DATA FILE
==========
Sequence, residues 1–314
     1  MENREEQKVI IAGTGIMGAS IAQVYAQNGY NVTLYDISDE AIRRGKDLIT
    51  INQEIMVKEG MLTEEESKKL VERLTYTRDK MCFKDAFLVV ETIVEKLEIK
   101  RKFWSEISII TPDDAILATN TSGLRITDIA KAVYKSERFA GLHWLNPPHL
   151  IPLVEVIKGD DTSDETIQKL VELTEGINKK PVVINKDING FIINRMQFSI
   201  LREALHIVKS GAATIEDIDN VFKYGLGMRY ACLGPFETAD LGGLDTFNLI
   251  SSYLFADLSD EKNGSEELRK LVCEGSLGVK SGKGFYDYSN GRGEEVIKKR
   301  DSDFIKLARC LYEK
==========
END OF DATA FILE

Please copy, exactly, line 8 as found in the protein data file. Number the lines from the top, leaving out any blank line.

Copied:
   301  DSDFIKLARC LYEK